TAKING DOWN TOBACCO BLOG

Raising the Age in Washington

Posted by Madison Langer on 05 April 2019

When I was 15 years old, I was offered a Captain Crunch flavored e-cigarette by my best friend, a varsity athlete. It was nothing like a traditional cigarette — it was beautifully chrome colored and smelled amazing. I didn’t know about the risk and dangers of nicotine addiction, so I began frequently using vapor products. I joined a large amount of high schoolers who would leave classes to vape in the bathrooms which became such an issue that our school removed the bathroom doors.

The only reason I was able to get access to e-cigarettes was through 18-year-old seniors at my school who were legally allowed to purchase them. Now that I am a senior I am often asked by younger classmates if I am “legal” and one of my peers told me that e-cigarettes are offered to them more often than gum. It’s common to see social media posts offering to buy tobacco products in exchange for anything from cash to food, and I could have a product in my hands in minutes if I asked right now.

E-cigarettes have become part of the culture not only in my high school in Washington state, but also all of the high schools in the area. My high school is a small tight-knit community, but e-cigarette use is as much an epidemic here as it is all across the nation.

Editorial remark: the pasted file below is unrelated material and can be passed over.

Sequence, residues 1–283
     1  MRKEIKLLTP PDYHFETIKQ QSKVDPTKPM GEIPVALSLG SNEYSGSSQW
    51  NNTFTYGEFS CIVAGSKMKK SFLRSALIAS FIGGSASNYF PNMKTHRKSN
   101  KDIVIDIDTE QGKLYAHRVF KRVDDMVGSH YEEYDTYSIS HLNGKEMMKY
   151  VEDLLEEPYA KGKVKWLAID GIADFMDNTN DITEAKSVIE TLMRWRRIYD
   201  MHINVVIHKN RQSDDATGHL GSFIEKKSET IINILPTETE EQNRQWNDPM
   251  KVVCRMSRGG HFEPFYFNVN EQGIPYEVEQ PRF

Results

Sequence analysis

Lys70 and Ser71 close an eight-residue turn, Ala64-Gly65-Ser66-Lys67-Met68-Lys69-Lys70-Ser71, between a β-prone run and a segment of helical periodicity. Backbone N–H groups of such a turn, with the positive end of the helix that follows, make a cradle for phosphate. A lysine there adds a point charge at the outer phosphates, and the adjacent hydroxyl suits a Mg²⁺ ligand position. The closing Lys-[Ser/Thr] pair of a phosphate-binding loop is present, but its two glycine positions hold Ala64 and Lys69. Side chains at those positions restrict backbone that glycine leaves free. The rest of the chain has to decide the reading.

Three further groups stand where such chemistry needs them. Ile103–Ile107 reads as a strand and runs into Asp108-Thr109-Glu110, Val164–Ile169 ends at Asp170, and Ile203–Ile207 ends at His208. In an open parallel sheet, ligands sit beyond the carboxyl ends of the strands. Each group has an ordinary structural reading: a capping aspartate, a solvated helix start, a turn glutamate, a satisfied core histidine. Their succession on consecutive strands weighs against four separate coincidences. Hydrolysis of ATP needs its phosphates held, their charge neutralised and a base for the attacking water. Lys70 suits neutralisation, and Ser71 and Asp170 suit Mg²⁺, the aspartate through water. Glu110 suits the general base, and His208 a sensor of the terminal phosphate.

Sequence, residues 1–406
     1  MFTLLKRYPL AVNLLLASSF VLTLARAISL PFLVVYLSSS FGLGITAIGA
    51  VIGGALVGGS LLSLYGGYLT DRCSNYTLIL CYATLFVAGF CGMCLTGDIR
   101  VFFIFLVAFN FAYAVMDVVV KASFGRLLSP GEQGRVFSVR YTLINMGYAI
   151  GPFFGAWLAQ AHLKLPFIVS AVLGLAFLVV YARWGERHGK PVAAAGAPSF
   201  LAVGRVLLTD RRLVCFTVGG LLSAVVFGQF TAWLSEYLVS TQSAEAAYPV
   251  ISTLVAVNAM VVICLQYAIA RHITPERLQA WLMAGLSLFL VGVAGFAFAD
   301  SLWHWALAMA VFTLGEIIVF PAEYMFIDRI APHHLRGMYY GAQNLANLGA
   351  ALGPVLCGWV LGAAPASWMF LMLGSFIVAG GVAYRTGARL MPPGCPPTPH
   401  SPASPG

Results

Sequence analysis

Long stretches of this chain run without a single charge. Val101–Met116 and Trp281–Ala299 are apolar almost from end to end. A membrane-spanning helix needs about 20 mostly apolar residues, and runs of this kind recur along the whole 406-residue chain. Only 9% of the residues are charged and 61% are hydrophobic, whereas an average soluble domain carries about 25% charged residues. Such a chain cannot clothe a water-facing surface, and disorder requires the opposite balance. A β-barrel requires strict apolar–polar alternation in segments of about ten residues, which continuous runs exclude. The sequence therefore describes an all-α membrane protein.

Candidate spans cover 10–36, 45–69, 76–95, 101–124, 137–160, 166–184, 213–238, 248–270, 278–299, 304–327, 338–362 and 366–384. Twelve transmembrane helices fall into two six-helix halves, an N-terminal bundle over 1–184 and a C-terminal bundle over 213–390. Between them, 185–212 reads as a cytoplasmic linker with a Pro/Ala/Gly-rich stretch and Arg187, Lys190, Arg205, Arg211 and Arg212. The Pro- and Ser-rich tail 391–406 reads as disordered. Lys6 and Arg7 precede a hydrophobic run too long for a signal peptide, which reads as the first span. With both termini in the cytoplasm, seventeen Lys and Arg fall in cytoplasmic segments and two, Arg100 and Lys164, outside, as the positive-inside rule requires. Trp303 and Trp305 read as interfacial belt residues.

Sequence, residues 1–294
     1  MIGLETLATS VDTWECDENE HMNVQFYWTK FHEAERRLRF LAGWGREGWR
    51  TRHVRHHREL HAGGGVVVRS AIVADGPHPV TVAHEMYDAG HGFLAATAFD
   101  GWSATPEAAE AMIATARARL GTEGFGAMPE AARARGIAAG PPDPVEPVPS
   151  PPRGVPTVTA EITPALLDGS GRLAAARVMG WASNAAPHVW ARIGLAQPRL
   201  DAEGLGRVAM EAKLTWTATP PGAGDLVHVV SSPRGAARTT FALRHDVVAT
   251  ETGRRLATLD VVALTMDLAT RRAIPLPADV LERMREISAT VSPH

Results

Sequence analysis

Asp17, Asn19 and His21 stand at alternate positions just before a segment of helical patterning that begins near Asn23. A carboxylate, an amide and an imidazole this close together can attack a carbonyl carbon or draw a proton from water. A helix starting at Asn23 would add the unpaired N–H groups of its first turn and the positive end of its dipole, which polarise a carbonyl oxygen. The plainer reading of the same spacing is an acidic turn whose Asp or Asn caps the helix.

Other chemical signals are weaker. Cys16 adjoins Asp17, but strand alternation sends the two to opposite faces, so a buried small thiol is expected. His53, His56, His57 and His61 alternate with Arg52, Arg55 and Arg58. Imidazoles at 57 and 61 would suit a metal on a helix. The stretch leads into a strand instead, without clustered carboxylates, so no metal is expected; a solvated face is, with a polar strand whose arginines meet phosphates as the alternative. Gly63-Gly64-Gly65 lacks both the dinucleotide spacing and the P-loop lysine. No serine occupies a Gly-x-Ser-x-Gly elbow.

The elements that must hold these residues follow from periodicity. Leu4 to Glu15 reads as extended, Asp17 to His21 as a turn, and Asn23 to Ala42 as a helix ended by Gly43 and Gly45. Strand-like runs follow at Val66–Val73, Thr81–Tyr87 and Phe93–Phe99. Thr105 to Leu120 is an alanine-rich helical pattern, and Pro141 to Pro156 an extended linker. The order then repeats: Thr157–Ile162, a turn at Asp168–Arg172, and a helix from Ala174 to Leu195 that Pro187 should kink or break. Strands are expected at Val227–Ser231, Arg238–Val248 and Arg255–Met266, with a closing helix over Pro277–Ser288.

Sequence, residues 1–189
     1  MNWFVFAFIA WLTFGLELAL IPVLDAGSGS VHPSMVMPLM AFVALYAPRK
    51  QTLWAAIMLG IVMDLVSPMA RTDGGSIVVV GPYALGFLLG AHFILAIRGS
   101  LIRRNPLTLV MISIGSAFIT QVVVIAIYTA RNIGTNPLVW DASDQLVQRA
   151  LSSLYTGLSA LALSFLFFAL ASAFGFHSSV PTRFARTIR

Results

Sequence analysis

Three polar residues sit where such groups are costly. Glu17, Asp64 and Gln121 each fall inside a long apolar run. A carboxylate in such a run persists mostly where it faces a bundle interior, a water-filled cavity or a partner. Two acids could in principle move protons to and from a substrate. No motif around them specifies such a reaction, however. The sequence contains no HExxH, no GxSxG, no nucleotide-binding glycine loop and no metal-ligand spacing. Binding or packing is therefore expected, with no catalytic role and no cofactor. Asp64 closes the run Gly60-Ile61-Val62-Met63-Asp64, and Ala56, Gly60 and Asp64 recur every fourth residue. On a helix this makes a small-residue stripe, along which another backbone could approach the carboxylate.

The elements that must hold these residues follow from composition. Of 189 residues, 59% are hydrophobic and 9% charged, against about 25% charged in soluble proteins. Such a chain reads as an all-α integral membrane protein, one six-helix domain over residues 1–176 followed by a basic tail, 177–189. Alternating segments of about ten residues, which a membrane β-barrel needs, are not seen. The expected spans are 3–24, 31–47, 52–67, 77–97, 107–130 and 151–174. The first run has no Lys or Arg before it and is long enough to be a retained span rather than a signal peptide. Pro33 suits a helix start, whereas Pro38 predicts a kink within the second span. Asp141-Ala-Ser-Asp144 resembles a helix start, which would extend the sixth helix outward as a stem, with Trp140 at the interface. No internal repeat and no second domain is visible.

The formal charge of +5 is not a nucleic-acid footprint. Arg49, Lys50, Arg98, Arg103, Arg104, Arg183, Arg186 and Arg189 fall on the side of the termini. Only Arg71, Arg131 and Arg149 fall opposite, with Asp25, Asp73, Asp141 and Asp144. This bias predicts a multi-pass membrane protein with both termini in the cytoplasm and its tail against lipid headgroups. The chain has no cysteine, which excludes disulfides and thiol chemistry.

Any responsible person can understand that this is incredibly dangerous to the health of teenagers across the country, and it’s a large reason why e-cigarettes have grown so popular over the past year. That is why it’s time to raise the tobacco age to 21 in my home state of Washington — and across country — to restrict youth access to e-cigarettes.

Not only will raising the tobacco age limit youth access to e-cigarettes, but it will also restrict access to traditional tobacco products which are the No. 1 cause of preventable death, killing more than 480,000 people in the U.S. every year. National data show that about 95 percent of adult smokers began smoking before they turned 21, so raising the age will decrease the risk that people ever start smoking and reduce the number of tobacco-related diseases and deaths.

I recently told my story in Olympia, Washington, when I spoke to the House of Representatives and the Senate in Washington where there is now significant momentum to raise the tobacco age to 21. You can share your story too at takingdowntobacco.org through the Share Your Story action course and explore many other courses that help the fight against tobacco.

Join me in showing our communities and leaders that we need to work together to create the first tobacco-free generation.